I really hate using that word on myself, because I was never formally diagnosed with an eating disorder and I do not believe that I fully had one. I had a very long (four year) stretch of an extremely damaged relationship with food, and periods of severe restriction. I absolutely had disordered eating patterns, and lost a bit too much weight, but I did not take it to the extreme that would constitute an eating disorder. (Note: I do not believe you have to be underweight to have an eating disorder. This disease affects both men and women of all shapes and sizes.)
But I digress. Though I’ve had a relatively healthy relationship with food for quite some time, I feel like the past two weeks of my life can be best described by the word recovery. I’m finally listening to my cravings and eating enough to fuel my body and (hopefully) restore my hormones. Unfortunately, I started doing this just as my mom began using MyFitnessPal.
Oh, MyFitnessPal, where do I even begin? I religiously tracked every gram of food, every stick of gum, and every five-calorie chemical shitstorm of sugar-free jello in you for far too long. Then, I wrote down every ounce I consumed so that I could use you add up my intake at night, refusing to eat anything I couldn’t track.
And then, I finally bid you good riddance. I started to enjoy drinks with unknown calories, and dove headfirst into hearty homemade bowls of soup that could have had 100 or 1000 calories for all I cared. I put a handful of nuts into salads, and didn’t freak out about the exact amount of oil used to barbecue my chicken.
So although I no longer use that app, I won’t deny that it’s not still a little enticing. And I certainly will not deny how hard it is to hear my mom talk endlessly about how she only ate 800 calories that day or that her breakfast had 36.3 grams of sugar or that she ate 53% carbohydrates when she should have had 50%. And let’s not forget the most recent plan, a juice cleanse and parsley tea when she’s hungry to “detoxify”.
There’s no point in sugar-coating it. We go through the heart-wrenching process of recovery, fighting with every ounce of our strength to heal our bodies and our relationships with food. And we do it in a world where everyone else is doing the exact opposite.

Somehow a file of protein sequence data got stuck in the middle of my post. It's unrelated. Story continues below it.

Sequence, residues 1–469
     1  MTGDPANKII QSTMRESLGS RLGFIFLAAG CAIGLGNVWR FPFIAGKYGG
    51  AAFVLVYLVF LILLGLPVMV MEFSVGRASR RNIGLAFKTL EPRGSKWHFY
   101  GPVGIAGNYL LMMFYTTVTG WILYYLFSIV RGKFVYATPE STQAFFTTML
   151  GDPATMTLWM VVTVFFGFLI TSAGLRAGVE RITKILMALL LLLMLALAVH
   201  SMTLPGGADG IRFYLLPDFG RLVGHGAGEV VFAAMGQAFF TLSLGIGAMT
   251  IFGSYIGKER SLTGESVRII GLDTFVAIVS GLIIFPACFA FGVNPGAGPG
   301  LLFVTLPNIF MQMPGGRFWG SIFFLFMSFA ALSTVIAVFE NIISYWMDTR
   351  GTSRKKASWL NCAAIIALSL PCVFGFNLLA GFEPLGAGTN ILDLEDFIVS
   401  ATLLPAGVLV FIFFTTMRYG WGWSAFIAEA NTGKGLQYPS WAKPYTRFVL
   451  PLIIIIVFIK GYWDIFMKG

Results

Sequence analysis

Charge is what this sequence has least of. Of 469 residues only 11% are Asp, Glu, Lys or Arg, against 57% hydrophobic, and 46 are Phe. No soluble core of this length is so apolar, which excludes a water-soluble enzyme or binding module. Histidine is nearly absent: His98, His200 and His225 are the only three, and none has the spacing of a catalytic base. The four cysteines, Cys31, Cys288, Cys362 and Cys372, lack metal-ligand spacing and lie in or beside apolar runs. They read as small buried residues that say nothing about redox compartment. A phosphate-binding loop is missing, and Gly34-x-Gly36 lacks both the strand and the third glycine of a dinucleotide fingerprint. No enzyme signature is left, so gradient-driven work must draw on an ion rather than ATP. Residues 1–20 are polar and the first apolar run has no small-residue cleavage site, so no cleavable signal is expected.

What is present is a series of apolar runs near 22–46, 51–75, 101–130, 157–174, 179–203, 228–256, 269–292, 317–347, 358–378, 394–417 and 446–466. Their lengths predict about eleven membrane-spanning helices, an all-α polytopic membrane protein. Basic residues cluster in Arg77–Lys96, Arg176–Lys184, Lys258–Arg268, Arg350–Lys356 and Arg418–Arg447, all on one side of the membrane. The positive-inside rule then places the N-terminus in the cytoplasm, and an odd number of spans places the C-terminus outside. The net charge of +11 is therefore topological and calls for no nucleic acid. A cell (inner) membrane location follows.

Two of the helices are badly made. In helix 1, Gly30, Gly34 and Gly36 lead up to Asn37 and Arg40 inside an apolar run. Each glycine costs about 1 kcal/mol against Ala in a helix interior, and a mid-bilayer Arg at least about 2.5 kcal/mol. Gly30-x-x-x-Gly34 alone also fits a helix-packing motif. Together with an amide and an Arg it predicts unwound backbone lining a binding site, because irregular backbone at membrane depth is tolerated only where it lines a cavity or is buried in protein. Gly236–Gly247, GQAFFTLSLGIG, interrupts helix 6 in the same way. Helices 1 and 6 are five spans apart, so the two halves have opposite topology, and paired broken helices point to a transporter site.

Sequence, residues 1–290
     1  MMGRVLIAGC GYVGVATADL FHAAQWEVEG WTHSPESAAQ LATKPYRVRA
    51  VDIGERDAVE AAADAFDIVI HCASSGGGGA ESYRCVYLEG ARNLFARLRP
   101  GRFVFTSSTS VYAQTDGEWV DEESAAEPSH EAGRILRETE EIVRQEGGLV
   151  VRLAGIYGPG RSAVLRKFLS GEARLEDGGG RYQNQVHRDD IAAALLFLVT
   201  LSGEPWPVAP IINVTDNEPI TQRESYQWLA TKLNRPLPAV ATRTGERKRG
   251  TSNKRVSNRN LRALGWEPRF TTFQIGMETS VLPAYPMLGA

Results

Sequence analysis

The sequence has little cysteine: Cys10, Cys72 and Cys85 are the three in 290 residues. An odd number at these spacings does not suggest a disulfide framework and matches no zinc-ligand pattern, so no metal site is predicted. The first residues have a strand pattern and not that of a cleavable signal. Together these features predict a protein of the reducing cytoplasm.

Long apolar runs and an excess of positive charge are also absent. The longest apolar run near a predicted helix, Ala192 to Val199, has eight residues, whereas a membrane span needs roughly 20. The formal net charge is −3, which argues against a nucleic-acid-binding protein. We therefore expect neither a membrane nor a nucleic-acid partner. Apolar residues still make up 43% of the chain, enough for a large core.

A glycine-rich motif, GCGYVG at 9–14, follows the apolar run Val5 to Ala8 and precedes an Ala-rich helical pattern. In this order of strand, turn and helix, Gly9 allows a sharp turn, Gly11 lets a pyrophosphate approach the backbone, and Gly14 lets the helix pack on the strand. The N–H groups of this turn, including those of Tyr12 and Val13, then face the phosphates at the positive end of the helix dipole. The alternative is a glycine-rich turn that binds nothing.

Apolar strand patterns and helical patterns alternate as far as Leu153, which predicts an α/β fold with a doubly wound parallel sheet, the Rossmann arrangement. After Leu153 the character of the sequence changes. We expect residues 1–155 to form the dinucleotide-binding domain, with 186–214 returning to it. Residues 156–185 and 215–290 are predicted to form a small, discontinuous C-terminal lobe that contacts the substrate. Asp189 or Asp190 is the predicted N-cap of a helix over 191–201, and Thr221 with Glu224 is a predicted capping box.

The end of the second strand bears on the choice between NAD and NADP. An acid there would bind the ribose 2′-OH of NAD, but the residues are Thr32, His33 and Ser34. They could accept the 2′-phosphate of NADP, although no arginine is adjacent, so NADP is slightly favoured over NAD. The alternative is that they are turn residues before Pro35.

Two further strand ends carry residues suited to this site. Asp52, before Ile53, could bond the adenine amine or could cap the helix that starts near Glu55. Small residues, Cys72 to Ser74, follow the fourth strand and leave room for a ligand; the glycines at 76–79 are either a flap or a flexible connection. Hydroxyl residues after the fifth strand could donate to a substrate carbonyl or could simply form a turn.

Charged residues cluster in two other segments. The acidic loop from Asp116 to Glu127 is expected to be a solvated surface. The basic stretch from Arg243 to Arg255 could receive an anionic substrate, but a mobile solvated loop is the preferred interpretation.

I’ve been getting most of my extra calories in after dinner. I don’t know why, but it’s what’s been working for me. I don’t feel overly full at any point throughout the day and I go to sleep happy and satisfied. How could I not after something like this little slice of heaven created by Amanda? But last night, I was informed that our digestive systems need to “rest” while we sleep, and that I should stop eating after dinner.
This completes my life.
Um, excuse me? For four years I had a list longer than the Constitution of foods that I would not eat, a rock-solid will power barring any food from crossing my lips after 7pm, regardless of how hungry I was or not, and now I’m supposed to go back to that?
Not a freaking chance.
I think that there is a point in everyone’s lives, whether it is recovery from an eating disorder, alcoholism, or a mental issue, that we have to leave our own little bubbles and learn to survive in the real world. In my life, there are going to be people dieting. I am going to have friends skinnier than me decide that they are “fat”, and individuals that believe the very things I based my recovery upon to be inherently wrong (like eating late).
And when that happens, I (and we) will have two choices. We can either let this diet/weight-loss obsessed world revert us back to restriction and obsession, or we can ignore it. We can remember that we know our bodies best, stay strong, and give a nice big F-U to anyone in our way.
Who’s with me?